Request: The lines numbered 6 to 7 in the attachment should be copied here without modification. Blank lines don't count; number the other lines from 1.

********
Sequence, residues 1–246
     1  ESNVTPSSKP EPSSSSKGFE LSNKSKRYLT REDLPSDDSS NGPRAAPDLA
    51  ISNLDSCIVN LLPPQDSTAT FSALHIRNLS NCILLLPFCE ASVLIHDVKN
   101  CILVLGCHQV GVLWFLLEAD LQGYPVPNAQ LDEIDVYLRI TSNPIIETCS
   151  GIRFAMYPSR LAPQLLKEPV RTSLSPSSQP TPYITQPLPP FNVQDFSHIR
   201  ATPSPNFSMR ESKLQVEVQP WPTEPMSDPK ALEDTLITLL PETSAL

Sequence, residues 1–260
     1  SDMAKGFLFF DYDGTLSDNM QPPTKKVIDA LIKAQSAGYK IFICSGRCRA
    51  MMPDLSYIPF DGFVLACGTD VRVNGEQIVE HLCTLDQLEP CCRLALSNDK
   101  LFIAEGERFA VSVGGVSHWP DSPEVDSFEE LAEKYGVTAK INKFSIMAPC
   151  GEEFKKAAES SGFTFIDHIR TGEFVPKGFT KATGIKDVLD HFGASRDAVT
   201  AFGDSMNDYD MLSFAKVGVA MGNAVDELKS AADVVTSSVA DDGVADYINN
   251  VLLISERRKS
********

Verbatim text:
   201  ATPSPNFSMR ESKLQVEVQP WPTEPMSDPK ALEDTLITLL PETSAL

Sequence, residues 1–260